"The color of a gemstone is caused by the absorption and reflection properties of elements and impurities contained within the base mineral. Gemstone colors are considered either idiochromatic, allochromatic or pseudoisochromatic. Idiochromatic coloration is due to the inherent chemical makeup of the mineral. Allochromatic coloration is due to the presence of impurities within a mineral's chemical makeup. Pseudochromatic coloration is caused by surface or subsurface reflective properties of the mineral."
The color of the gemstone is not always evenly saturated throughout a single sample or stone. This is because color saturation is affected by many variable factors present during the formation of the stone like pressure temperature and chemical concentrations. These factors can cause irregularity color banding and zoning as the mineral crystallizes.
A three-dimensional conical-shaped facet applied to the pavilion of the gem that increases brilliance by giving the appearance of more facets than are actually present. Instead of facets being joined by an angle, they are joined with a groove. This cut enhances the internal glow.
Corundum Gemstone Family
Corundum is a hard and tough crystalline form of aluminum oxide and basic rock-forming mineral. Ruby and sapphire are the two basic varieties of corundum.
The visible upper part of the stone containing the table facet located above the girdle.
Refers to the last and smallest facet of the stone located at the bottom tip of the pavilion. This facet is nearly invisible to the naked eye. Its purpose is to protect the tip of the gem from being chipped or damaged.
A square cut gemstone with rounded corners and larger facets to increase brilliance. Also known as a pillow cut, European cut, candlelight cut or antique cut. Typically features 64 facets.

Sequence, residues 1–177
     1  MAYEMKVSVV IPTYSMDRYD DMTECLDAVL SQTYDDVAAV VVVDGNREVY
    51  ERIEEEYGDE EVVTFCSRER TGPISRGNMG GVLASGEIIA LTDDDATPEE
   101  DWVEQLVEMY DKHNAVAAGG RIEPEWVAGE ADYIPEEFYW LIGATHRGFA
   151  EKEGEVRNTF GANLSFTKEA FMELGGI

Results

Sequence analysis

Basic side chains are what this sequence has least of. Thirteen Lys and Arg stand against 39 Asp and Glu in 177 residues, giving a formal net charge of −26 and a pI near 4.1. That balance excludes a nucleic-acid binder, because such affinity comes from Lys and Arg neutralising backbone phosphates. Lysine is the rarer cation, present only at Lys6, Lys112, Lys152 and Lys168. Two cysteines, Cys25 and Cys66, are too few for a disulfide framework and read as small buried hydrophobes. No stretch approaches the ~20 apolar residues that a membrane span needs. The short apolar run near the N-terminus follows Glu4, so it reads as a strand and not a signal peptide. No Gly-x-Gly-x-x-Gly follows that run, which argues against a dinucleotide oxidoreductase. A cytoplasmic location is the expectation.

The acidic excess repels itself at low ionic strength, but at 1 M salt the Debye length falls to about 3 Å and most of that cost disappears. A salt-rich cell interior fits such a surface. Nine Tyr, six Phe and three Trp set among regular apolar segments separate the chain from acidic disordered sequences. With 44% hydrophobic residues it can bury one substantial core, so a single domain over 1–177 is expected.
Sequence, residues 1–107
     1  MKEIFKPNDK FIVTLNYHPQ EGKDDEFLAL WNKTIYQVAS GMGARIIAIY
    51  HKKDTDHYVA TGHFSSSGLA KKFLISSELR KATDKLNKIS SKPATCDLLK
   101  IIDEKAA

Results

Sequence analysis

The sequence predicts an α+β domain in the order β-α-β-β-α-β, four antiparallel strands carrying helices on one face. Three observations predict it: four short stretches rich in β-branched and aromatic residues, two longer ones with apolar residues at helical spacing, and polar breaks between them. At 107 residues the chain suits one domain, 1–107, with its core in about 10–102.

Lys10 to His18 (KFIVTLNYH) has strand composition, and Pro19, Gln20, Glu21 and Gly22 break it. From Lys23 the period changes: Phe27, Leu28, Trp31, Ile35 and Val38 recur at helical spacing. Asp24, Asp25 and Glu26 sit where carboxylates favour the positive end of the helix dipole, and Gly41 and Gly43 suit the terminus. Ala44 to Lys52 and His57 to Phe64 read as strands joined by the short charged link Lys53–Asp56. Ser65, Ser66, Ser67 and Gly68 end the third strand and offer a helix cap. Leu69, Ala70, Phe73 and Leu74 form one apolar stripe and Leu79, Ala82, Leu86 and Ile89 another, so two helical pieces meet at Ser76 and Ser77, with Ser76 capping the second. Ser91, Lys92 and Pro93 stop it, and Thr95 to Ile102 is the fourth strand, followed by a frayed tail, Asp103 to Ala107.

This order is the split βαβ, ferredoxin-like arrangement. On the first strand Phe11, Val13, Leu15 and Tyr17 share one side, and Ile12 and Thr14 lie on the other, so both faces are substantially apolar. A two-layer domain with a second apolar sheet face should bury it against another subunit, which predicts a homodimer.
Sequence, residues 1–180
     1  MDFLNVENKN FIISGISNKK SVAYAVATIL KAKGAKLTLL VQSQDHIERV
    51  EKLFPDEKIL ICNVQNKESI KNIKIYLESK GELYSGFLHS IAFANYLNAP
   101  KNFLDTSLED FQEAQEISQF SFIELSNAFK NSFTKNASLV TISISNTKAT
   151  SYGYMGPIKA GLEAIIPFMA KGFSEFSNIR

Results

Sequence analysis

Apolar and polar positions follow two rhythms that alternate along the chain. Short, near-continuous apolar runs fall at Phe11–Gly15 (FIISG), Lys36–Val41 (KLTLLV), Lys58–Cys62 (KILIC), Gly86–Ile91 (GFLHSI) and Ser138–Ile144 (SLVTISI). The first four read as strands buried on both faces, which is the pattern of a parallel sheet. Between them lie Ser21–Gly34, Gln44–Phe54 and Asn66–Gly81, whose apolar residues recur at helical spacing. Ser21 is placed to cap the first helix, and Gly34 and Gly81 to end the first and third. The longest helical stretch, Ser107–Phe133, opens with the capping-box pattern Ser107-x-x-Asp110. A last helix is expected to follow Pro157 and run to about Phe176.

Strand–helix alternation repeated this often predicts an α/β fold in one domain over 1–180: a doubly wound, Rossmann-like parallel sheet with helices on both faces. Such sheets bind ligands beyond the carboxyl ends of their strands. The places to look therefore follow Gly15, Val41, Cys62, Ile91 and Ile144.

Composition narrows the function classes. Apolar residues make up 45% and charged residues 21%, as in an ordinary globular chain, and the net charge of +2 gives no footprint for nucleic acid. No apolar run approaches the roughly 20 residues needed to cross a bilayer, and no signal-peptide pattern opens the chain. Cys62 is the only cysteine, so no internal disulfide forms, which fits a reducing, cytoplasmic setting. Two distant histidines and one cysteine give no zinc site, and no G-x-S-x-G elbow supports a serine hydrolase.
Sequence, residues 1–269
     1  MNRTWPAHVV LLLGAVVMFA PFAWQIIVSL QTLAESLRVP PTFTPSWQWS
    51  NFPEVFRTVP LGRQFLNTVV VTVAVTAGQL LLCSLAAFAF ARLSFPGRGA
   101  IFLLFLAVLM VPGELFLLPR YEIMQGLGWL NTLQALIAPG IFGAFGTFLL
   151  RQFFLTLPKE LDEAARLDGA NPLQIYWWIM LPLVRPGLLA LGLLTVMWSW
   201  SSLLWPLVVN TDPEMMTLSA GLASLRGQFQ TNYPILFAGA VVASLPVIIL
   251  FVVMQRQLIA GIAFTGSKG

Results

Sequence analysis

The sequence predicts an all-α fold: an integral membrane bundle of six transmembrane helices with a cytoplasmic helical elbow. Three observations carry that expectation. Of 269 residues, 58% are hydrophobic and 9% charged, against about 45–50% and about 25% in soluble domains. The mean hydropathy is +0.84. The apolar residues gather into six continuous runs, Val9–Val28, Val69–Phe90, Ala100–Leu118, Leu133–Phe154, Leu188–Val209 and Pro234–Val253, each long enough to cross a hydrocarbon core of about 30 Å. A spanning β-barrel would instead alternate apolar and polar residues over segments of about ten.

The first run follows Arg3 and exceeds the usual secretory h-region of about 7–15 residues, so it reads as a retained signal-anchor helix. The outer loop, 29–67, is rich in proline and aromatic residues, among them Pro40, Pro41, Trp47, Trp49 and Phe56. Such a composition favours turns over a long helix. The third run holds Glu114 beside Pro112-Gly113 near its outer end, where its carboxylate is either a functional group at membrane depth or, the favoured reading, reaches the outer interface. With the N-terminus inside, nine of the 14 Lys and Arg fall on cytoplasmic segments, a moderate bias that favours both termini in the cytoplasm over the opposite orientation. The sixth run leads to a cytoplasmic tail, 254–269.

Gemstones can be fashioned into different shapes, depending on the size, shape and physical property of the rough stone. Asscher cut, baguette cut, brilliant cut, cabochon cut, cushion cut, diamond cut, emerald cut, trillion cut, heart cut, radiant cut, mirror cut, princess cut, square cut, step cut and pear cut are some popular cuts in gemstones.
An earring which hangs below the earlobe and moves freely.
A treatment involving the use of chemicals in conjunction with high temperatures to induce color change and/or asterism-producing inclusions. Abbreviation: DF
The splitting of light as it enters a gemstone. Also known as a stone's "fire".
A stone made of two components, generally held together by a clear or colored adhesive.
An earring which hangs below the earlobe. The drop is generally an adornment of charm, gemstone or bead that is attached to the base of the earring and has a limited movement.
A treatment which involves the introduction of dye or coloring agent into a gemstone to give it a new color, intensify the original color or improve color uniformity. Abbreviation: D